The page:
METHUEN — City councilors critical of a recent use-of-force investigation say they’re unhappy about a lack of access to police body camera footage and other information about the incident that caused the probe.
Councilors say they have been vocal about wanting to see body cam footage, even before it was obtained last week by The Eagle-Tribune. Mayor Neil Perry said, however, that he did not receive any requests from the council for the footage.
The body cam footage shows what happened during the early morning hours of March 5, after Lt. Ronald Valliere pointed a gun at a driver who had his hands in the air and above the steering wheel during a traffic stop. Statements made on camera emphasize an earlier, gang-related shooting that had officers on high alert for a possible retaliatory attack.
Investigator David O’Laughlin was subsequently hired in June, when the incident became public knowledge through a cell phone video taken from the passenger's seat of the driver's car.
O'Lauhglin wrote in a final report that in exonerating Valliere, he relied on the body cam footage, the passenger’s recorded perspective, and interviews with police who were at the scene.
Councilors received O’Laughlin’s completed report at the end of June, according to Councilor Steve Saba. In his report, O’Laughlin said Valliere and other officers acted in line with the Police Department’s use-of-force policies, and that those polices are in line with state standards.
“I believe that there is a need for more clarity and revision in the MPD policy on Use of Force,” wrote, referring to the Methuen Police Department, “particularly pertaining to report writing and firearms.”
O'Laughlin did not say whether a report about the incident should have been filed, but an updated Methuen police policy dated June 24 now requires officers to “note justification for the use of force within a use of force report.”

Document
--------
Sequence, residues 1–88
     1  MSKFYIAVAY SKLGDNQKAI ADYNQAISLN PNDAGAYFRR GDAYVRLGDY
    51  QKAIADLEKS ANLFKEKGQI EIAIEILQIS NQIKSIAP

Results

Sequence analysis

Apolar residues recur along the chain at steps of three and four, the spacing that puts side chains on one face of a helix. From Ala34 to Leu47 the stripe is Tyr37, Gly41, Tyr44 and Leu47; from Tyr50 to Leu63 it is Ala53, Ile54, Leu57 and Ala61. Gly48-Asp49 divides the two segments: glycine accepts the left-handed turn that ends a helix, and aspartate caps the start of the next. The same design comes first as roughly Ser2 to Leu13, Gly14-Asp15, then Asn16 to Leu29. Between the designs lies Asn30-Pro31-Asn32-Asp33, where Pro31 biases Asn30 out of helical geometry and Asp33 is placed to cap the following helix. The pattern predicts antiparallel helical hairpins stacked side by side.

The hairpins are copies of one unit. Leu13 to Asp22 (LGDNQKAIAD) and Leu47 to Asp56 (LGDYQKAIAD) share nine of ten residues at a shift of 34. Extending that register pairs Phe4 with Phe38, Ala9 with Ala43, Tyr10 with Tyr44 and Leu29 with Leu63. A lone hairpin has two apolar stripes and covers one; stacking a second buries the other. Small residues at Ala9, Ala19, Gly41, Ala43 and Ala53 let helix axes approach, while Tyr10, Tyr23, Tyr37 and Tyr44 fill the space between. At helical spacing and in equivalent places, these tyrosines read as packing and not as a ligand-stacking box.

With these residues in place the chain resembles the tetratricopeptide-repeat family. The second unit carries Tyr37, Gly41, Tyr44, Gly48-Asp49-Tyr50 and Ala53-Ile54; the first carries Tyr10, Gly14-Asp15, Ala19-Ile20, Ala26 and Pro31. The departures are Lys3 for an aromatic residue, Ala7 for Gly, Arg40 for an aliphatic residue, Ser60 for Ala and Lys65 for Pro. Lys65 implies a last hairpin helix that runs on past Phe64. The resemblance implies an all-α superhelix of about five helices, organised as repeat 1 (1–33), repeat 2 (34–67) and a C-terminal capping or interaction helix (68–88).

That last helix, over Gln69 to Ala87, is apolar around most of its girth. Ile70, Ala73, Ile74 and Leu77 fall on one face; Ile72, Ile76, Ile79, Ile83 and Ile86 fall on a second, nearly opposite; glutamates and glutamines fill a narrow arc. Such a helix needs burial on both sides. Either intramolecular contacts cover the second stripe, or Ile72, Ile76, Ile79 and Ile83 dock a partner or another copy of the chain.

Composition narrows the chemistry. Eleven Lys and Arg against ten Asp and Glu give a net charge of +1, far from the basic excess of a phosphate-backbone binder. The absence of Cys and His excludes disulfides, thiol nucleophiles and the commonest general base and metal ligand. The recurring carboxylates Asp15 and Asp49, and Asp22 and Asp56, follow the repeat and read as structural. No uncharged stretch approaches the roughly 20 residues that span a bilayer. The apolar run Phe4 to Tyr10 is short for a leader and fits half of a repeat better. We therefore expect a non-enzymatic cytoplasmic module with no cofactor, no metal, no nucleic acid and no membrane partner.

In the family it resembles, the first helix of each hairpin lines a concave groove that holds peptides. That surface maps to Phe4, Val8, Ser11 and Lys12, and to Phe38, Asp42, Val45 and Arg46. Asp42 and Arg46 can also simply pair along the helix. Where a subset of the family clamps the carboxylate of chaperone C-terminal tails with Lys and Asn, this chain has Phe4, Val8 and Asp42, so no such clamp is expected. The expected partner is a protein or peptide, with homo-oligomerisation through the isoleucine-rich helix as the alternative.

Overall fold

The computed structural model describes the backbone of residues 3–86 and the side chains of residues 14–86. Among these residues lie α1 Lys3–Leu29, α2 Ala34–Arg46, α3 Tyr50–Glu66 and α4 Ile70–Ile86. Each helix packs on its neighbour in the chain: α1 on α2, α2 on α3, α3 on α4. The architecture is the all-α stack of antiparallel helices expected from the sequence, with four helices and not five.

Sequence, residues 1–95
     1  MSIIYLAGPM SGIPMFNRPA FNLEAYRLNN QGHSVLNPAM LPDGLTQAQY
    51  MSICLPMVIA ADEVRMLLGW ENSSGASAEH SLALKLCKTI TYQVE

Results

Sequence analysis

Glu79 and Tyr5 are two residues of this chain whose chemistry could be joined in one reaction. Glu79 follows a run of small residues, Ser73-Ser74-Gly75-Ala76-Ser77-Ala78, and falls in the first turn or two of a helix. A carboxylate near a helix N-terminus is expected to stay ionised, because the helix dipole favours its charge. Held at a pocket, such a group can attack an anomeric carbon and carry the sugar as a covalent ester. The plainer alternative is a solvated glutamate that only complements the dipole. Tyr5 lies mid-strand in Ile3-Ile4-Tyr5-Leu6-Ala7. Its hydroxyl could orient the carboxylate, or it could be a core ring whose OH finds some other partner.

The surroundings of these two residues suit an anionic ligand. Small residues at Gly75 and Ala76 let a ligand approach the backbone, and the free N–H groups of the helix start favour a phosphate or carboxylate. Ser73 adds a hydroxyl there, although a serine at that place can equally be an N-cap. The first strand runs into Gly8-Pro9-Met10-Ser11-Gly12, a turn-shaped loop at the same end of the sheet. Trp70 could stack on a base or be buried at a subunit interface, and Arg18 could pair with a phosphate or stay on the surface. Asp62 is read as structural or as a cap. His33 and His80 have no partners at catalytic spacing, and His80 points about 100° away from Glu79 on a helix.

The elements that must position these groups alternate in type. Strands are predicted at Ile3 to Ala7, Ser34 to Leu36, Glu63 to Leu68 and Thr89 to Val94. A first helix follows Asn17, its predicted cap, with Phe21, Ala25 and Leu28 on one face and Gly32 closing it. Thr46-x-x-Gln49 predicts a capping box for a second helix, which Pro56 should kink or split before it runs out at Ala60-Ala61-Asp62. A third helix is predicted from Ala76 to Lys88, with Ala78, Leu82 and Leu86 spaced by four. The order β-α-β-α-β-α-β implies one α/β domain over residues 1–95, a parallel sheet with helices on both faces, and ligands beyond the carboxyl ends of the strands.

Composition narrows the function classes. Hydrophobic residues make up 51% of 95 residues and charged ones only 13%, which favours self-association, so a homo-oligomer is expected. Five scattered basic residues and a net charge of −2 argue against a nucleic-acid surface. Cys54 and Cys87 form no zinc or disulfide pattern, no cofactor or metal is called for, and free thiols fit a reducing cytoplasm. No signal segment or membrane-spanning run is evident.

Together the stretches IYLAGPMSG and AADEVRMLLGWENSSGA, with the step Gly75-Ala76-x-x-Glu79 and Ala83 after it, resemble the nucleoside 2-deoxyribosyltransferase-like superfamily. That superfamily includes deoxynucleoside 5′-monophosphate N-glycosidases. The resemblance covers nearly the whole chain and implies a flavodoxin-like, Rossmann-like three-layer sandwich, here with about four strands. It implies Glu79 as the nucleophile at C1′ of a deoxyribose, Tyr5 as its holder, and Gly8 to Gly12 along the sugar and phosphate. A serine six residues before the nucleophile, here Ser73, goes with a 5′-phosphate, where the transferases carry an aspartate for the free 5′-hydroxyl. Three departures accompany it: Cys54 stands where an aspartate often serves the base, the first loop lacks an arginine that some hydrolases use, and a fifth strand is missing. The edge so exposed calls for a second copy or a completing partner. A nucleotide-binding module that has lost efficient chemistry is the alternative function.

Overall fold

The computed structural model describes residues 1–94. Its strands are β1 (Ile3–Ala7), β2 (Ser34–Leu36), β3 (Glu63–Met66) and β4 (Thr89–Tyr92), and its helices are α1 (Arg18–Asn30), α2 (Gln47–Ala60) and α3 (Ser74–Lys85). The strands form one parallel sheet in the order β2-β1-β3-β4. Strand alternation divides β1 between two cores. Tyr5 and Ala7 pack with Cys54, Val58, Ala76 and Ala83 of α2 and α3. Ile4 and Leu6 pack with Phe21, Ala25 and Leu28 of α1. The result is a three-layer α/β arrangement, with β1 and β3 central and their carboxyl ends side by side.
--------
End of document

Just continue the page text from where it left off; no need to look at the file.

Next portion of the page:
Councilors continue to question whether a report should have been made by Valliere after he drew his gun.
Saba said the body camera footage was not provided to councilors as of Tuesday.
“As councilors, we should not have to FOIA (Freedom of Information Act request) anything,” said Saba. “When such sensitive information is going to be released, one would expect (the mayor and police officials) will say to the council ‘here is what we’re going to release to the press.’”
But, Saba said, “Unfortunately this has been pretty regular, in my opinion, that we have been blocked out of information. We have been put on a need-to-know basis.”
Several councilors — including Chairperson James McCarty, D.J. Beauregard and Mike Simard — remain focused on the lack of police documentation.
Simard, a Lawrence police officer, said “10/10 times I’m going to do a use-of-force report.”
“I know that the person recording me is going to put it on social media. A report should be automatic when you draw your weapon,” he said, noting there should be no exceptions.
McCarty elaborated, “The main issue here is Methuen Police rules and procedures require a report to be written when there’s use of force, and that isn’t what was done.”
“There’s favoritism,” he said.
The public will have a chance to weigh in on the situation during an upcoming forum hosted by the Public Safety Committee, according to Simard.
The goal is to have city officials, police representatives and the public gather to discuss the incident, the investigation and aftermath.
A date for the forum was not set as of Wednesday due to COVID-19 restrictions in place at City Hall.
“I’ve wanted this investigation since day one to go in favor of the Police Department and the city," said Simard, "because the last thing I want is any civil rights issues. However, I demand transparency.
“As the chair of the Public Safety Committee, I weighed in when I found out we would be using MPI (the organization that employs O’Laughlin),” he said. “When I asked who chose O’Laughlin, the mayor said (police Chief) Joe Solomon made the choice. And I have a big problem with that.”
The mayor said he has asked an auditor reviewing the Methuen Police Department to study two particular items: the use-of-force policy and whether it should be modified, and when a report should be generated after a weapon is drawn.
“These are still items that concern me,” he said.